The doorbell rang. (anachronism)
Most of the guests had already arrived. Rome’s elite filled a bustling main hall. Very powerful cardinals struggled to hear the very rich men to whom they spoke. The din died down, however, as a very pale butler (anachronism) announced the party’s very newest arrival:
A man missing half his beard. “Fr. Philip Neri,” the pallid butler proclaimed.
According to the people of Rome, the man was a living saint. According to the cultured, cultivated eyes of his onlookers, he was a lunatic. Moreover, there was no mistaking it for an accident. The famed priest had neatly trimmed his beard on one side of his face, and meticulously removed it on the other.
The rest of the night passed awkwardly, especially for the party’s host, to whom the preposterous priest assiduously attached himself until party’s-close. Upon leaving, most of the guests made two resolutions: (1) avoid that priest at all costs, and (2) never attend another party thrown by the host again.
At this point you might ask yourself: Why the beard-shaving?
It would be true for me to say that God gave St. Philip Neri the gift to read souls (to see someone’s virtues and vices), and that, when the party’s host had extended him the invitation to come, St. Philip had seen immediately that the man only wanted him there so that the Roman elite would see their host standing beside a reputed saint.
But that would not be the answer.
St. Philip Neri did not shave off half his beard and attend an A-list party simply to teach a prideful and vain man a lesson (though that it certainly did). He did it to look like a fool.
I imagine for most of us that’s an unsettling answer, but there it is. And St. Philip Neri wasn’t alone. The Church has a rich tradition of “holy fools,” men and women whose intense sanctity comes tied hand-and-foot to their extreme self-abasement. St. Simeon Salos was known to drag a dead dog behind him; St. David the Dendrite lived in a tree for three years; and St. Benedict Joseph Labre spent thirty years in a state of voluntary homelessness, sleeping among the ruins of the Colosseum in Rome.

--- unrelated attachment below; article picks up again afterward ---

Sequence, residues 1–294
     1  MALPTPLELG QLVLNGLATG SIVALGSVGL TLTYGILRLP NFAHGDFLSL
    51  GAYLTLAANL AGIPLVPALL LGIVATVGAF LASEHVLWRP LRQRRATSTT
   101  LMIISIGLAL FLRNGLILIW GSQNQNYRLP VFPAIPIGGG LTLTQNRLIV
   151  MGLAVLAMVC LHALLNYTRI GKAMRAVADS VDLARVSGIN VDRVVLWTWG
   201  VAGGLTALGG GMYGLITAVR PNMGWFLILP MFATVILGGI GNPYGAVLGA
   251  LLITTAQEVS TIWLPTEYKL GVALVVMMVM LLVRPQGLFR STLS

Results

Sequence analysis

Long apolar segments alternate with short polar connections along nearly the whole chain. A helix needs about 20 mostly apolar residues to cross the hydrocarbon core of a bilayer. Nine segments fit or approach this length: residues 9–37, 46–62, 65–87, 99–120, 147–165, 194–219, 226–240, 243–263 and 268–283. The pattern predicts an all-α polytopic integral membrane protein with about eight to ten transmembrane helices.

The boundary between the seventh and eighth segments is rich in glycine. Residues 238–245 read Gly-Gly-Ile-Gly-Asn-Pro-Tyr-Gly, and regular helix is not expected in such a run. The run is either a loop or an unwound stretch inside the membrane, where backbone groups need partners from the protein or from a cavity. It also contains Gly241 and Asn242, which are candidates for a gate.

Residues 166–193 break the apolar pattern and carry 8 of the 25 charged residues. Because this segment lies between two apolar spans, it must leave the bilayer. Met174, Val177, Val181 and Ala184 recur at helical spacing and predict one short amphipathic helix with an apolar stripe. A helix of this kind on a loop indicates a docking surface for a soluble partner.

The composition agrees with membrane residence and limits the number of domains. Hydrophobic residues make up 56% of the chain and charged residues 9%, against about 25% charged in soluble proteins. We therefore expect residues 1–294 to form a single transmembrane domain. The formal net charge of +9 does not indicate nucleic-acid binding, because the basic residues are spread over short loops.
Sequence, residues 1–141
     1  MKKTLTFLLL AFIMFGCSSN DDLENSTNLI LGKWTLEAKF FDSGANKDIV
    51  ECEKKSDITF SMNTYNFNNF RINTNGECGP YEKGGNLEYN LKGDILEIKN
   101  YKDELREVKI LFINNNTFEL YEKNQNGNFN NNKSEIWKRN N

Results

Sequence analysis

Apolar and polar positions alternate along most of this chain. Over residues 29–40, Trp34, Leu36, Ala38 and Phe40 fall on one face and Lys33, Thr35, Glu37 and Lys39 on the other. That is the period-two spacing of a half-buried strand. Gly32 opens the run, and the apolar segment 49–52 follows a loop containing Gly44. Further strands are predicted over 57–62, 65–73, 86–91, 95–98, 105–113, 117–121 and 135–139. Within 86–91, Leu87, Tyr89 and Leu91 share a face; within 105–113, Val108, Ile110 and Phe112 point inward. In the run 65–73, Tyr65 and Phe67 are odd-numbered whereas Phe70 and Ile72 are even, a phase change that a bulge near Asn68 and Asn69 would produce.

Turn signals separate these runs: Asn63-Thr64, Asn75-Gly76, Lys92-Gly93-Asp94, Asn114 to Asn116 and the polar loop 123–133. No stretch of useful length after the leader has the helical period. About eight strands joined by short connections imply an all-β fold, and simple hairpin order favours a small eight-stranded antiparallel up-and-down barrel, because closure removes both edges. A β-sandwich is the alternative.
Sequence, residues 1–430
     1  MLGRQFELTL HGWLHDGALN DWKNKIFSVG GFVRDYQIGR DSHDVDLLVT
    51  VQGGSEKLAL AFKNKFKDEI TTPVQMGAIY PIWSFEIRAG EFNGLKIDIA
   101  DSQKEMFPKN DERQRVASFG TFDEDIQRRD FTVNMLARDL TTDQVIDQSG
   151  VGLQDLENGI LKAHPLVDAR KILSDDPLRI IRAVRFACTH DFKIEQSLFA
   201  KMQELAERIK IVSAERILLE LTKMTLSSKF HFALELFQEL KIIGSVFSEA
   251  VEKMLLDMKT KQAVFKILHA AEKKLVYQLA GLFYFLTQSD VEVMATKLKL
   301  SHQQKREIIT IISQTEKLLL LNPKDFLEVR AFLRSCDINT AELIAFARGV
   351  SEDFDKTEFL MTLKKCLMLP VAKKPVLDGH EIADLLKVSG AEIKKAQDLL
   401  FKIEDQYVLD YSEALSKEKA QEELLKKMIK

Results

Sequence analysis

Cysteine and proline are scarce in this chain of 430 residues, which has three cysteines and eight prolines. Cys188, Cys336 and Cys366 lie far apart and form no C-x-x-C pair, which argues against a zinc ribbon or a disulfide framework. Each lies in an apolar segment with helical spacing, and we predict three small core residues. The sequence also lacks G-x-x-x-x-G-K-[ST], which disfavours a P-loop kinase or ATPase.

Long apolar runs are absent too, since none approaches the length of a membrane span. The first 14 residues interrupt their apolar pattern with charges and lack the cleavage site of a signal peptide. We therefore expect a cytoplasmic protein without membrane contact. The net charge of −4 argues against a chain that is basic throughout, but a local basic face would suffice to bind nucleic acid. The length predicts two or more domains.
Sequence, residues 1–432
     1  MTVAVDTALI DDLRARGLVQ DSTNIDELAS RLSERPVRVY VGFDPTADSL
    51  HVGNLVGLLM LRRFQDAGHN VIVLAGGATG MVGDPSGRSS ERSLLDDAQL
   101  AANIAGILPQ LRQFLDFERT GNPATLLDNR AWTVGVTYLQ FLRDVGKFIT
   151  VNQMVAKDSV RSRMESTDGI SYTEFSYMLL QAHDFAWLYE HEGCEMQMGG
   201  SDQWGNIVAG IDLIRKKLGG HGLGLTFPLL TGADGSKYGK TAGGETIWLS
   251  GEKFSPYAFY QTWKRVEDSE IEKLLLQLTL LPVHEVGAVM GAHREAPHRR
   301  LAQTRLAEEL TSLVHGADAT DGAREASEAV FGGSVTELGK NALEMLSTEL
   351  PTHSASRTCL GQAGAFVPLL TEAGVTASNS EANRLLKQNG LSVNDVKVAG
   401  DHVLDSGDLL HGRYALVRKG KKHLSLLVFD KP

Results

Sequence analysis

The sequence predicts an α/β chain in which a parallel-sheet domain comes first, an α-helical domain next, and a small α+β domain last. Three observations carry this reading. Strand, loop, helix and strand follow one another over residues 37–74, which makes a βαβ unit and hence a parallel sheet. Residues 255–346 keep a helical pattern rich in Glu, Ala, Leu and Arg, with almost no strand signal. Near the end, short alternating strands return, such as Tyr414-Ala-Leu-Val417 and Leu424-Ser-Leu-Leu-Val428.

What do we do with stories like these? What do we do with Saints like these?
I think we’re supposed to marvel at them. Scripture says that “the wisdom of this world is foolishness with God” and “the foolishness of God is wiser than men” (see 1 Cor 1:18-25). Saints such as these give us shocking and abrasive opportunities to believe it. Purely human reason, purely human prudence, cannot comprehend the actions of holy fools. In fact, even for people with the Holy Spirit’s gift of wisdom (and that includes every Christian in a state of sanctifying grace) it can be tough to make out the divine reason behind the apparent folly. But the holy fools do make clear one thing: God’s thoughts are not our thoughts, nor are his ways our ways (cf. Isaiah 55:8).
St. Philip Neri did a lot of things we can relate to: he gave young people wholesome alternatives to the lascivious entertainment of the carnivals; he invited musicians and composers to offer their art to God; he praised cheerfulness as a far more religious temperament than solemnity. But he also did a lot of things that, on a purely human level, we cannot relate to. And that’s ok.
In fact, it might well be those things that are the most important. The holy fools thought so little of themselves – lived lives of such awe-inspiring humility – that mere human reason cannot comprehend what that would be like.
And praise God for it. Because if we cannot wrap our minds around these holy fools, how much more will God transcend our wildest dreams?
Image: Mikhail Nestorov, Rus: The Soul of the People